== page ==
Melissa Maddonni Haims Cold Comfort 5.JPG

Mushrooms take over Schuylkill Center gallery in Roxborough
The Roxborough Review
By Eric Fitzsimmons
Published 02/01/2016

The Schuylkill Center’s gallery is a mycophile’s dream for the next two months with the Jan. 28 opening of “The Foragers,” an exhibit running through the end of March celebrating local mushrooms through crocheted statues and photographs by Melissa Maddonni Haims and husband Josh Haims, respectively.

“What I love about this show, which is many things ... is that we get to highlight creatures who inhabit this planet with us that we tend not to notice. They’re kind of always underfoot,” Executive Director Mike Weilbacher said introducing the artists at the opening.

Josh’s photographs of local fungus varieties with colorful names such as raspberry slime, turkey tail and hen of the woods line the gallery interspersed with mossy tree limbs, which serve as the setting for Melissa’s crochet creations.

While the photographs are blown up for display, Melissa explained that her crochet mushrooms are made to scale and staged as they might be found on the trail: on trees that are also, for the most part, local (two limbs came from New York and one actually from an art supply store).

“I loved mixing the fake with the real. I loved that juxtaposition of the false mushrooms and the actual bark and moss,” Melissa said.

Like mushrooms, “The Foragers” exhibit represents just the fruit of something with roots stretching back 20 years, as Melissa explained.

Eating at a restaurant in Manhattan, where they lived at the time, she inquired about a dish featuring morel mushrooms and Melissa said she got a, somewhat lengthy, answer from the chef, which kindled an interest.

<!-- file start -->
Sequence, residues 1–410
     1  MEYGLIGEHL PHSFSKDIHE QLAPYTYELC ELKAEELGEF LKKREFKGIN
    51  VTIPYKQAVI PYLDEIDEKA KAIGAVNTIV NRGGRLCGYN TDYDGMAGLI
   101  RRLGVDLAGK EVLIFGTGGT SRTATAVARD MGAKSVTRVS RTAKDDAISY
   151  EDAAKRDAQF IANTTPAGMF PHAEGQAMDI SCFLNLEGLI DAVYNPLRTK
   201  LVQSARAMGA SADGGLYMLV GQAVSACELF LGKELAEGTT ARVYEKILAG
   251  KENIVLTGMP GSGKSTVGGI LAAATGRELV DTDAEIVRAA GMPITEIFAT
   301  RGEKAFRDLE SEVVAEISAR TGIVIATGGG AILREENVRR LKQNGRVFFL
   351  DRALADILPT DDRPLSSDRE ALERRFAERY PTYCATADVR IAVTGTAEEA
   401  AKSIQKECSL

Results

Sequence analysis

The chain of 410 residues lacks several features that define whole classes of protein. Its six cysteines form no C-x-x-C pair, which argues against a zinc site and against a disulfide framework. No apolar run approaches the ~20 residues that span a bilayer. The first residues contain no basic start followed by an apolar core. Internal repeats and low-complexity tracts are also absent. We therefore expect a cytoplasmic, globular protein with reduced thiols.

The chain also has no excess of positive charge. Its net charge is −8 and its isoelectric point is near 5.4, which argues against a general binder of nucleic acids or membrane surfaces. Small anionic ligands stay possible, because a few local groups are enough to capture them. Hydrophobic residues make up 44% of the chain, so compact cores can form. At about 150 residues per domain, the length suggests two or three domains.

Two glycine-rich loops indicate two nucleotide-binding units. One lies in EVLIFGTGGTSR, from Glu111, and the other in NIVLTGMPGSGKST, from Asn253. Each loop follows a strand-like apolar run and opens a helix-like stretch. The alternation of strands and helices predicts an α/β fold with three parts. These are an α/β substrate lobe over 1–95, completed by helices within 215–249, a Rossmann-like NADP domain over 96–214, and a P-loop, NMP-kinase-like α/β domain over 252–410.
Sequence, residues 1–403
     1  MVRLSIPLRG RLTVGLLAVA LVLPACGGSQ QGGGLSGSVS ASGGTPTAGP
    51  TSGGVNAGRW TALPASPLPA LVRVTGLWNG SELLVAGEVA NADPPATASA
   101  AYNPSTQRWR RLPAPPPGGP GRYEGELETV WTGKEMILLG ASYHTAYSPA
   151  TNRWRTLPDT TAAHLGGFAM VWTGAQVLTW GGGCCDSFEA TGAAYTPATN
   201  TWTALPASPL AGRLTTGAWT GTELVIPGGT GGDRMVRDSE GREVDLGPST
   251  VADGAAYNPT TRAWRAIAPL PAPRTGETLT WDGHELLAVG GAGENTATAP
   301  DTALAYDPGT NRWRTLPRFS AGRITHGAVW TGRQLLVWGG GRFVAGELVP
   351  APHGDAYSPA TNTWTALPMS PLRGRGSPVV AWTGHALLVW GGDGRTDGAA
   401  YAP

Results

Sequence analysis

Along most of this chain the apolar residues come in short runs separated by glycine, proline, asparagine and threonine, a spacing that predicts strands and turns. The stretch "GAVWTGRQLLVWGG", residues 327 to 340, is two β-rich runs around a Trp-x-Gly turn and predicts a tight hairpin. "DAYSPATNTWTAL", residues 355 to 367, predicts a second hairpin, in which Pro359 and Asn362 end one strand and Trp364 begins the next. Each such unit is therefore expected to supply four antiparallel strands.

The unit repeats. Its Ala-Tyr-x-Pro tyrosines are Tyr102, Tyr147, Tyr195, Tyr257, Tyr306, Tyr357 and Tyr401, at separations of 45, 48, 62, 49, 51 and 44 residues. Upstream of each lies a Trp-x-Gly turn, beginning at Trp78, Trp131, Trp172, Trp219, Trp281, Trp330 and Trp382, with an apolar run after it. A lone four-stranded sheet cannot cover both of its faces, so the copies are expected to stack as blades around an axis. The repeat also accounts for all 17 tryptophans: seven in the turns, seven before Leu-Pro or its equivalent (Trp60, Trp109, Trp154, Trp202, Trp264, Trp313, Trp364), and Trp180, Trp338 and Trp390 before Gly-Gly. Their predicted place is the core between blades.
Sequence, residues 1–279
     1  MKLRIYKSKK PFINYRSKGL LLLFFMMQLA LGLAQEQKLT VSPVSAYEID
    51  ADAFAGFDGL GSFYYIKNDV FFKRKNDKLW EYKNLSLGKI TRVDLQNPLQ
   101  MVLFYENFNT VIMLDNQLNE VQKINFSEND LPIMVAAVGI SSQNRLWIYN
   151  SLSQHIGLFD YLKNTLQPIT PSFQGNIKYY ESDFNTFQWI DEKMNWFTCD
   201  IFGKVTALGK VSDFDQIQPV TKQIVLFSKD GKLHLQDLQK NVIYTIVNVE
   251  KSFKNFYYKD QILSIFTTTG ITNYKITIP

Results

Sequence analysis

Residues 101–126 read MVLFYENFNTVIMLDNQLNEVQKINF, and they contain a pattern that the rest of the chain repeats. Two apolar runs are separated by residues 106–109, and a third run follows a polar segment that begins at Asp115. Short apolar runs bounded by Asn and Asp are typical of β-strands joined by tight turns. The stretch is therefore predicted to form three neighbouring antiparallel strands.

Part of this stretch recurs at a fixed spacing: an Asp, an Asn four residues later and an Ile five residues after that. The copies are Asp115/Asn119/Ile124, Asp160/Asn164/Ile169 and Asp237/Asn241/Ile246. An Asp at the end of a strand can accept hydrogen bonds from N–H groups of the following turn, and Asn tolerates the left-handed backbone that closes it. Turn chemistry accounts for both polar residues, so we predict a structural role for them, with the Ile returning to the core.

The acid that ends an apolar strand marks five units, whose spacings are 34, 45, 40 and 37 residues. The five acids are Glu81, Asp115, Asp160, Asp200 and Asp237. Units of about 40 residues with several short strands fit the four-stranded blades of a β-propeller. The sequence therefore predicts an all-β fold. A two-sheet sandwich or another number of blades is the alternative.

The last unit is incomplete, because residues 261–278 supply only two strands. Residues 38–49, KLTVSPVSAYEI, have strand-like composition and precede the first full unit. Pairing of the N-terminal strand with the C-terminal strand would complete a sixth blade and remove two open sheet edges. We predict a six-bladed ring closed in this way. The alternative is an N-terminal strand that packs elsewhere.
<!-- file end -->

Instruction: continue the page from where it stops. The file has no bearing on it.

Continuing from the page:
Soon Josh was noticing foragers picking mushrooms during early morning bike rides along the Wissahickon while visiting Melissa’s parents in Norristown. He then began to dismount and capture pictures of the local mushrooms, a habit he has continued in the intervening two decades and through travels across the U.S., Melissa said.

Meanwhile, Melissa was working in the fiber arts, having done a previous installment at the Schuylkill Center called “Cold Comfort” where she yarn-bombed trees along the Widener Trail, wrapping them in crocheted material. As she explained, “It’s basically making a scarf and wrapping it around something cold and hard, making it warm and fuzzy.”

When she came back to the center to discuss a biomimicry exhibit, talk came back to the morel mushroom and her husband’s collection of mushroom photos.

For “The Foragers,” Melissa said, it was decided to stick with the local varieties to highlight what people might find if they look closely in their walks in local woodlands.

“These are mushrooms that you could go outside here [at the Schulkill Center] and anywhere in this area. Something that is amazing about mushrooms is just the sheer diversity of them,” Director of Environmental Art Christina Catanese said in a conversation. “I think what’s great about Melissa’s work is that it’s like these little windows into the forest floor that celebrate this diversity.”

In addition to the gallery displays, Melissa has touched into her yarn-bombing instinct and installed nine crochet mushrooms outdoors on trees along Schuylkill Center trails for visitors to discover on their travels.

All the pieces displayed in the gallery are on sale, with all the proceeds being donated back to the Schuylkill Center, Josh announced at the opening.